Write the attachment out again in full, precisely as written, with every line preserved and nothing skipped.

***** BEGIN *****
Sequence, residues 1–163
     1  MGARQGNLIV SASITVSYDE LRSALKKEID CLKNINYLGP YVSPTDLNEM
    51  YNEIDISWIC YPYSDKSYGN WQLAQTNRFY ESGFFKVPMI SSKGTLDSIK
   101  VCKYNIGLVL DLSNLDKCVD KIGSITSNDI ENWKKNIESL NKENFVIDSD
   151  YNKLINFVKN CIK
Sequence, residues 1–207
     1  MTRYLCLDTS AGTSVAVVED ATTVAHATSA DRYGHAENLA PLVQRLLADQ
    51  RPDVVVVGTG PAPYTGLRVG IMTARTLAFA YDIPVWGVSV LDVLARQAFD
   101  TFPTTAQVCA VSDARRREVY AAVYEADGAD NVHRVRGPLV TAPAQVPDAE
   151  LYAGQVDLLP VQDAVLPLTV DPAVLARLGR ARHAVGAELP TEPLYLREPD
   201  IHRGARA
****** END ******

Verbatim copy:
Sequence, residues 1–163
     1  MGARQGNLIV SASITVSYDE LRSALKKEID CLKNINYLGP YVSPTDLNEM
    51  YNEIDISWIC YPYSDKSYGN WQLAQTNRFY ESGFFKVPMI SSKGTLDSIK
   101  VCKYNIGLVL DLSNLDKCVD KIGSITSNDI ENWKKNIESL NKENFVIDSD
   151  YNKLINFVKN CIK
Sequence, residues 1–207
     1  MTRYLCLDTS AGTSVAVVED ATTVAHATSA DRYGHAENLA PLVQRLLADQ
    51  RPDVVVVGTG PAPYTGLRVG IMTARTLAFA YDIPVWGVSV LDVLARQAFD
   101  TFPTTAQVCA VSDARRREVY AAVYEADGAD NVHRVRGPLV TAPAQVPDAE
   151  LYAGQVDLLP VQDAVLPLTV DPAVLARLGR ARHAVGAELP TEPLYLREPD
   201  IHRGARA